With this in mind, it’s not so clever insisting Apple is being intentionally ‘sneaky’ or ‘tricky.’ A touch careless, perhaps, but none of this cloak-and-dagger stuff, please. In this case, I don’t think Apple is doing anything even approaching interesting.

To his credit, Ed updated his article with a short sentence reflecting Apple’s quick actions changing the Updater contents, though he still took a swipe at the pre-selected iTunes and QuickTime items. There’s just no pleasing some people.

You’re subscribed! If you like, you can update your settings

Related research

Subscriber Content

Subscriber content comes from Gigaom Research, bridging the gap between breaking news and long-tail research. Visit any of our reports to learn more and subscribe.

You're subscribed! If you like, you can update your settings

Related stories

  1. Well, there’s just no pleasing Ed Bott, anyway.

    I’m not going to disagree with your kind assessment of him, but the fact of the matter is that he’s an overall negative person who is quick to point fingers and EXTREMELY slow to praise anything, particularly anything Apple.

    If I want to read someone who enjoys complaining endlessly with little good to say about the world, I’ll write a letter to my grandpa. :)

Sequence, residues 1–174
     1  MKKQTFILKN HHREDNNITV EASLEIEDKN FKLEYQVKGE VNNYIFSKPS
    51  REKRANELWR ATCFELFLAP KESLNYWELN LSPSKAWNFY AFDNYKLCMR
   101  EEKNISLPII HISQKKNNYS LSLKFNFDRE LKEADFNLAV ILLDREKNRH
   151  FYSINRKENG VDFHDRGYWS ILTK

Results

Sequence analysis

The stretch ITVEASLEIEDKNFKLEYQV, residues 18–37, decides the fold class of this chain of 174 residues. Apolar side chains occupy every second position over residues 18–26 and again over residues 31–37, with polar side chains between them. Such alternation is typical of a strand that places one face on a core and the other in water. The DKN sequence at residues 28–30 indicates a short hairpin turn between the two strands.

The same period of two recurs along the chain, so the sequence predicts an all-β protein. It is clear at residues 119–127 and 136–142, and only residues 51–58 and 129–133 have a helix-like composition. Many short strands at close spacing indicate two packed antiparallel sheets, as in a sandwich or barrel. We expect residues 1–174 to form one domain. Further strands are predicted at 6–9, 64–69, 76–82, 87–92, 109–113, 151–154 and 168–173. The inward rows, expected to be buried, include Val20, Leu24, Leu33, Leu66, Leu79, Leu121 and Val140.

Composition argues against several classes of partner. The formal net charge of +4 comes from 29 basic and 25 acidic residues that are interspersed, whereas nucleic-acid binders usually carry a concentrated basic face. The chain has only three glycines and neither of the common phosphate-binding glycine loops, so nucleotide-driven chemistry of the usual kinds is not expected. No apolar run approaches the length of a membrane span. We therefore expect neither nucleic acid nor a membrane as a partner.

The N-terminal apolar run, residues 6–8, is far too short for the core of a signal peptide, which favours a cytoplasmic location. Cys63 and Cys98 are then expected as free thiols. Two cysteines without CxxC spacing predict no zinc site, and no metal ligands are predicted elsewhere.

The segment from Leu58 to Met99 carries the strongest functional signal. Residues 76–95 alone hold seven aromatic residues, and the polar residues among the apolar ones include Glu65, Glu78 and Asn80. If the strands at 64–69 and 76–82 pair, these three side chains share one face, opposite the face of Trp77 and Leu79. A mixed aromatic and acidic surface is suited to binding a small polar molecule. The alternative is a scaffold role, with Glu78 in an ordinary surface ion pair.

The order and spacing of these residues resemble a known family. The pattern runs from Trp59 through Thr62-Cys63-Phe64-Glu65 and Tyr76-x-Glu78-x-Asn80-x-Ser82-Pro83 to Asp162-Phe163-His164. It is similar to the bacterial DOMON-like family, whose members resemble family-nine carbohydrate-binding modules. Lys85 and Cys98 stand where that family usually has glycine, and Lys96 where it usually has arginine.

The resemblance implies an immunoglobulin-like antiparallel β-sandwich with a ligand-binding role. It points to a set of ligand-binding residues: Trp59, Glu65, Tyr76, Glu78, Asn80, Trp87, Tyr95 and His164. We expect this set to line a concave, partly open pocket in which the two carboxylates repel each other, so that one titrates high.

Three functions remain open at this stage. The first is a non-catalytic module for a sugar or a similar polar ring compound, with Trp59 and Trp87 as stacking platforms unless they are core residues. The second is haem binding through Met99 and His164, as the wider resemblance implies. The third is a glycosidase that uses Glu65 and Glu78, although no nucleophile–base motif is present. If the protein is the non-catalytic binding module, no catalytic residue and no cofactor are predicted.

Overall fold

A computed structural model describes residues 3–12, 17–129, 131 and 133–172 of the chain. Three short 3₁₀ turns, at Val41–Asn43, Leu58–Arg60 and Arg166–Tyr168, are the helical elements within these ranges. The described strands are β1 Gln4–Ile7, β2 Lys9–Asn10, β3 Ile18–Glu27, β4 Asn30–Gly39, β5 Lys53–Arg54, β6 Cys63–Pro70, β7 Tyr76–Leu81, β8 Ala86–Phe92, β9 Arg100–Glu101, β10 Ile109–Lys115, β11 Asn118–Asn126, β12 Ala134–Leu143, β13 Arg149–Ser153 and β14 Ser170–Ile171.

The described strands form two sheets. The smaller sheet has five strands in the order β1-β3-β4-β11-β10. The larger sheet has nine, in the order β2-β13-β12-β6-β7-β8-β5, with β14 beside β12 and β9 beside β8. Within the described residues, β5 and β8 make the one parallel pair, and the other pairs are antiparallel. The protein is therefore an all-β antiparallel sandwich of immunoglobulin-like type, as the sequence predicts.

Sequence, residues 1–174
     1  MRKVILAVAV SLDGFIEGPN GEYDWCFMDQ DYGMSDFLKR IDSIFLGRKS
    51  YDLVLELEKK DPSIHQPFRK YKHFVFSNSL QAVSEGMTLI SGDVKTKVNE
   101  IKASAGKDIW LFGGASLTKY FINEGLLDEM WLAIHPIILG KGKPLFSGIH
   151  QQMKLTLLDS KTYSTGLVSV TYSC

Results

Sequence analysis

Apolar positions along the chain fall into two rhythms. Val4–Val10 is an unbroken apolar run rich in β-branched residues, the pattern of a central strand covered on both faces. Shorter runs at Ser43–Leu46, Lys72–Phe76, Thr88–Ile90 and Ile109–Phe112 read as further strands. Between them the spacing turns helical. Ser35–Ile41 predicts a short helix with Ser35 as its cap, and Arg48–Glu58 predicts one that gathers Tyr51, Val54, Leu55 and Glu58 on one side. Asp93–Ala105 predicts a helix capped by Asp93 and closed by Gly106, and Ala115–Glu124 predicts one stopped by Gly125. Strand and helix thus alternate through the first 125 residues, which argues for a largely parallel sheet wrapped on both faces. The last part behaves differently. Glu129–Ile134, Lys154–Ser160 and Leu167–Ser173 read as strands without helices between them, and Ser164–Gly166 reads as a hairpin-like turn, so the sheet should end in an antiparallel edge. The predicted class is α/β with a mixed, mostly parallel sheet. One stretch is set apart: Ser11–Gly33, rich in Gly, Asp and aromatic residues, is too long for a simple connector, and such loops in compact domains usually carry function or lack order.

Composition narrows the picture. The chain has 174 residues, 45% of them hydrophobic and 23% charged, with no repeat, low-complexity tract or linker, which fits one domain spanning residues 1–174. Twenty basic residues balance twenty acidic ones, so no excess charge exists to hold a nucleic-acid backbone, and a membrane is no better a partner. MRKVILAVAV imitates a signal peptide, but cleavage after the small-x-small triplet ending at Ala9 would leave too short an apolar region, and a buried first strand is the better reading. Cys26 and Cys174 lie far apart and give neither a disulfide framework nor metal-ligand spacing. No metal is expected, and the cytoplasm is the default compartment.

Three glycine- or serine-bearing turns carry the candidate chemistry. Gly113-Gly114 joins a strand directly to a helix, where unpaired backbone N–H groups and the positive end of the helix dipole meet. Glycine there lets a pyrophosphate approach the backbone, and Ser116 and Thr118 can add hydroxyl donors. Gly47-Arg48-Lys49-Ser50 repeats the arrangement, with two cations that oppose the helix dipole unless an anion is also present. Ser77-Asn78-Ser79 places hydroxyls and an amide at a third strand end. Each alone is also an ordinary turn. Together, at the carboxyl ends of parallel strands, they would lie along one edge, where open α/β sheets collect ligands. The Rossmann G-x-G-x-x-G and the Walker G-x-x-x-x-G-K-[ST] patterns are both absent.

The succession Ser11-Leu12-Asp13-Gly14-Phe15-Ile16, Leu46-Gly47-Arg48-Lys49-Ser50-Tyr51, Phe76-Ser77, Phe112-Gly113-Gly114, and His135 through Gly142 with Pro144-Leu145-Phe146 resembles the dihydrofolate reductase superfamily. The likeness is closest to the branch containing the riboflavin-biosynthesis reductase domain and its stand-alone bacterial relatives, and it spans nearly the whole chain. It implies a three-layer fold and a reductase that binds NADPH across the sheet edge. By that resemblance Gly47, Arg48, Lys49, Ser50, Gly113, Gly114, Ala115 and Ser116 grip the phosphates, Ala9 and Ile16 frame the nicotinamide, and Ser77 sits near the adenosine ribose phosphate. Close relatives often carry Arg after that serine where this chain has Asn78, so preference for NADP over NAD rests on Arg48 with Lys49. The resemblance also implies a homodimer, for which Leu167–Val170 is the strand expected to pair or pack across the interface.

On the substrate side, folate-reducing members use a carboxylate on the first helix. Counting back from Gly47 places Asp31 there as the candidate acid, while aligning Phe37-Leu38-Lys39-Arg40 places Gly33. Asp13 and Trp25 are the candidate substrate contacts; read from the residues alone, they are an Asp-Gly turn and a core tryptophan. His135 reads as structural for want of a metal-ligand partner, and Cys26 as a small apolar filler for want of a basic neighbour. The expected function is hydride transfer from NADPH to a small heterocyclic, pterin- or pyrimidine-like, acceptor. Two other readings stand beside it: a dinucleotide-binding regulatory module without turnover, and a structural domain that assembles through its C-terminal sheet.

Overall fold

2. Ed Bott. Yawn. Aside from his obvious shilling (“fair”? that’s some journalistic courtesy you’re showing there)‚ as I pointed out in the comments of that article‚ if you don’t want to get spammed by ZDNet‚ you have to uncheck 3 boxes when you register to leave comments on the site.

    Imagine my surprise that even after unchecking them all‚ they’re still spamming me. I found out that ZDNet only allows you to uncheck all email from ZDNet after you fill in all personal information about you (registration with ZDNet only requires you to generate a user‚ password and supply an email). I’d rather unregister each email manually and report as spam to Google than supply them with all of my information‚ especially considering how they’ve handled what they have.

    For Ed Bott to call out ANYONE for nefarious slip tactics would be hilarious if it wasn’t so bald-faced hypocritical.

  3. Personal Ed Bott attacks aside, I don’t think the justification of “it’s probably safe to say that most of those PC users who mindlessly clicked “Install” at that time have still, to this day, never even booted Safari. Not once.” is even remotely valid. Whether or not they’ve used the software is completely irrelevant. I don’t think this is a fault with Apple at all, I fault Apple with the fact that they’ve bought into a faulty software delivery model. These automatic updates are thorns in many computer users sides. They take up valuable system/network resources unnecessarily. Why couldn’t they just include a simple check box on the dialog that says “don’t automatically check for updates”? One of the most painful Windows experiences there is is the Windows Updater. But, they key here is that you can opt out. Why can’t you do that will the Apple Software Updater? Furthermore, I specifically don’t want Safari on my system. Why must it always ask me if I do? Kind of spammy if you ask me.